US is involved with Venezuela for the wrong reasons
Albert Einstein said that the definition of insanity is doing the same thing over and over again and expecting a different outcome. We’re supposed to learn from our mistakes, but for evidence of how rarely our leaders actually do so, look no further than the current debacle in Venezuela.
Venezuela is in collapse. Their kleptocratic government led by dictator and Saddam Hussein impersonator, Nicolas Maduro, has stolen from the people, failed to provide them with jobs and food and seized a second term by rigging the election in his favor. In January, it all came to a head when the National Assembly met and its elected leader, the relatively unknown Juan Guaido, citing a clause in their constitution, proclaimed himself to be Venezuela’s legitimate president.
Shortly after, the Administration of President Donald Trump announced that it would recognize Guaido as Venezuela’s “Interim President”. Other nations, including Canada and Venezuela’s South American neighbors, followed Trump’s lead. At the time of this publication, Venezuela is being led by two competing presidents.
But that isn’t the issue. While I support Guaido and his challenge to Maduro, it is clear that the United States should stay out of it, not out of a Trumpian “America First” idea, but because American involvement will not bring Venezuela the freedom and self-government they are trying to win back now.
America has a checkered history in Latin America, dating back to the Monroe Doctrine and countless conceivable interventions in between. The U.S. has toppled democratic regimes in favor of American corporate interests (United Fruit and Guatemala, 1954), lied about wars of independence (Cuba and the Spanish-American War, 1895) and produced a revolution, creating an entirely new state in order to open up Western trade routes (Panama Canal and Colombia 1903). America has used and abused Latin America for their own personal gain, and this is no different.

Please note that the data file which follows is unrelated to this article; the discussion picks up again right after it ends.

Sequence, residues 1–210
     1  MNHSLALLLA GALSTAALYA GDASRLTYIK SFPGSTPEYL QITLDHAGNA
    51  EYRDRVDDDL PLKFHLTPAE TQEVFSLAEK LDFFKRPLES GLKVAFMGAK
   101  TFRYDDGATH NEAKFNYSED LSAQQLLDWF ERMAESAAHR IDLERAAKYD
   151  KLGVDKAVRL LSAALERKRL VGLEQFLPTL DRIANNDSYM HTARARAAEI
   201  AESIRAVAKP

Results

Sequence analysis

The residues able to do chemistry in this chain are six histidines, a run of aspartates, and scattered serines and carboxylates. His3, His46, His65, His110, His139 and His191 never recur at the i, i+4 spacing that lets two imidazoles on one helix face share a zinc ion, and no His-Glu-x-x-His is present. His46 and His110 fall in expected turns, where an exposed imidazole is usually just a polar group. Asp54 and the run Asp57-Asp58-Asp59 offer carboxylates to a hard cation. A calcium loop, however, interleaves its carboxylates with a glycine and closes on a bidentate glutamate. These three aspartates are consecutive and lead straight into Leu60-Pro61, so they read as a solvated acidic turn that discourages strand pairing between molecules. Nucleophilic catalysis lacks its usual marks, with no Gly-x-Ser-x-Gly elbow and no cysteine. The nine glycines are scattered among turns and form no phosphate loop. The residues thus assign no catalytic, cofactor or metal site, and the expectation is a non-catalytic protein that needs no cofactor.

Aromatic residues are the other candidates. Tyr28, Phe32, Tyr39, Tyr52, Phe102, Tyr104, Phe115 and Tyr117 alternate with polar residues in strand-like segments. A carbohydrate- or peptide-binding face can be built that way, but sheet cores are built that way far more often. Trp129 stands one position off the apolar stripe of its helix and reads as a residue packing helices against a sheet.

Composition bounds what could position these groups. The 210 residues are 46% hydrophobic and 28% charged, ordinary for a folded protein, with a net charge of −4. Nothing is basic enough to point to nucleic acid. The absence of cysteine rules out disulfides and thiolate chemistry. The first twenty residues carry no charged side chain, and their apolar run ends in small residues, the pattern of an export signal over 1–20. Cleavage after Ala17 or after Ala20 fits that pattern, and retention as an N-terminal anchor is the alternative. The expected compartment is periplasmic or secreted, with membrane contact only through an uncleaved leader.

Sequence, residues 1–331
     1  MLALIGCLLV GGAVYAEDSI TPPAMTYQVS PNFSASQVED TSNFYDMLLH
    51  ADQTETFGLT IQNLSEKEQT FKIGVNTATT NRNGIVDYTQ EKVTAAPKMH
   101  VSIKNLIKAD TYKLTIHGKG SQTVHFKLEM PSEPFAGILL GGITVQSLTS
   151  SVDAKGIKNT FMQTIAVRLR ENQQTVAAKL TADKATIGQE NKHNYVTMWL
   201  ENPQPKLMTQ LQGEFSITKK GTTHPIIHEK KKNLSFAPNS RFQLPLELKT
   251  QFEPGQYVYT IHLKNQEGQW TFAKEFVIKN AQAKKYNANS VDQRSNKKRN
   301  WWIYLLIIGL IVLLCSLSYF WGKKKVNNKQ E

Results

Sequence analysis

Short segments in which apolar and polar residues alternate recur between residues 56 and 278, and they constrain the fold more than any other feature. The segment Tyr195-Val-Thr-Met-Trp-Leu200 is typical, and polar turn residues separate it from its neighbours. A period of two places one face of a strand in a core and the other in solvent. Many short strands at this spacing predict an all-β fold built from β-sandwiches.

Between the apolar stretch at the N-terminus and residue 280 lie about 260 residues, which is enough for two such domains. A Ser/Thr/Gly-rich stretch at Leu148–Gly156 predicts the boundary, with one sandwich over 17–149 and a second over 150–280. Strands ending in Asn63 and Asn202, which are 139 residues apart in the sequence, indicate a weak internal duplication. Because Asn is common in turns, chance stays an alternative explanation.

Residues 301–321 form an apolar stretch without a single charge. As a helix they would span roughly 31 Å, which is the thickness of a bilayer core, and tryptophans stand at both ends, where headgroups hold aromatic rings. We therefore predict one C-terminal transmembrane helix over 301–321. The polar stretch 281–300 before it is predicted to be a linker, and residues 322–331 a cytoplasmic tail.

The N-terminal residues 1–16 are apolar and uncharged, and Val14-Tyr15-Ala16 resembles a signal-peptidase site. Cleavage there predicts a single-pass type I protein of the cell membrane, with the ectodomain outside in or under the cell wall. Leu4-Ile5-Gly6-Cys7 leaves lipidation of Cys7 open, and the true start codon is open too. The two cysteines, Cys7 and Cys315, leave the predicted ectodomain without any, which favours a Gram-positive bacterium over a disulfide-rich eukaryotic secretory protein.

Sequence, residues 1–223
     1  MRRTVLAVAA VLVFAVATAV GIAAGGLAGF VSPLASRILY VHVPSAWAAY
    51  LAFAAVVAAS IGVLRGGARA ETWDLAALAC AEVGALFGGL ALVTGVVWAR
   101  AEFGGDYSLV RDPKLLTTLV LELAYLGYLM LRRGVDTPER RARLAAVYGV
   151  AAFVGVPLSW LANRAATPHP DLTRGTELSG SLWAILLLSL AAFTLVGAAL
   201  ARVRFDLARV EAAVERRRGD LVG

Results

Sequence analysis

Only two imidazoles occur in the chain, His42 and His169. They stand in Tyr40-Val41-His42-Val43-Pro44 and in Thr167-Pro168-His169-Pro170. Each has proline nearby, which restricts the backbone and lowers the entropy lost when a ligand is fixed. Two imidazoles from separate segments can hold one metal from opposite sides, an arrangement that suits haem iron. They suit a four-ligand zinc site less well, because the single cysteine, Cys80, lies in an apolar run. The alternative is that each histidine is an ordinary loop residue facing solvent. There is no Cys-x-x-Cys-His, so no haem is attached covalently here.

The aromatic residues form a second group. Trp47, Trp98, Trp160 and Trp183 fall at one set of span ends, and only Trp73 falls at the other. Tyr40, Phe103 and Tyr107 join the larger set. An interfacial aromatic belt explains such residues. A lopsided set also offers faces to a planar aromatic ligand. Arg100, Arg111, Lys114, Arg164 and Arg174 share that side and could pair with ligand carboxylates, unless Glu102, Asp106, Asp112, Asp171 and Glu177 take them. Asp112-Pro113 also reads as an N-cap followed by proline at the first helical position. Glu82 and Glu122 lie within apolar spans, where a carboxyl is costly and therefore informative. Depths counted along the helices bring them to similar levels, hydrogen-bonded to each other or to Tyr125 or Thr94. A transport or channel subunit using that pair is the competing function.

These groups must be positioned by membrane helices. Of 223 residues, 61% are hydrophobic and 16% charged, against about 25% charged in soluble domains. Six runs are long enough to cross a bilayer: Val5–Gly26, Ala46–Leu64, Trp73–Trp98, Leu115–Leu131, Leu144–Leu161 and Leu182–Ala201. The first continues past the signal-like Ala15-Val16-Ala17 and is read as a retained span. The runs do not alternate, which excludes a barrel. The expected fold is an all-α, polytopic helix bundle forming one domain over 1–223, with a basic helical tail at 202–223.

The United States has had negative relations with the Venezuelan government since the anti-American regime of Hugo Chavez took power in 1999. Maduro, Chavez’s undemocratically chosen successor, has continued this hostile American policy. That brings us to the main reason for the United States wanting to cozy up to a Maduro opponent in case he ends up taking power: money, mainly oil money.
Venezuela, a member of the Organization of Petroleum Exporting Countries (OPEC), has the world’s largest reserves of oil. And in case you’re unaware, oil has pretty much been the driving factor behind our involvement in the Middle East dating back to the end of World War II. In the name of black gold we’ve worked with tyrants like the House of Saud in Arabia, turned a blind eye to issues within allied Turkey and installed dictators of our own like the Shah of Iran. And for what? Did we benefit the people there? Did we “make the world safe for democracy”? Did we purge it of evil? Or did we just create a countless stream of enemies, as generation after generation have grown up in both South America and the Middle East wary and fearful of Yankee imperialism.
And like a moth to a flame, Goldman Sachs has been profiting off of the misery of the Venezuelan people by buying and selling oil reserves, capitalizing on, nay, exploiting a failed state and its people for the personal gain of those who already have too much.
We cannot pretend to heroes of democracy here. We jump into action in the name of freedom and democracy, but only when it benefits us in the end. Why not help the brutalized Rohingya as they face genocide in Myanmar? Where is the support for the Uyghurs being held in concentration camps within Chinese East Turkestan? What of our consummate allies in the Kurds, perpetually stateless and without major backing? How about Catalonia? National self-determination and making the world safe for democracy are supposed to go hand in hand. Or are we just playing the same old games we have since the dawn of civilization? That’s fine with me, but just don’t pretend to be doing it for the greater good.
If we want what’s best for Venezuela, we will allow their people to dictate their future, both in the fight against Maduro and in whatever may proceed that fight. The time has come for us to stop trying to police the rest of the world or, at the very least, to do so for the right reasons.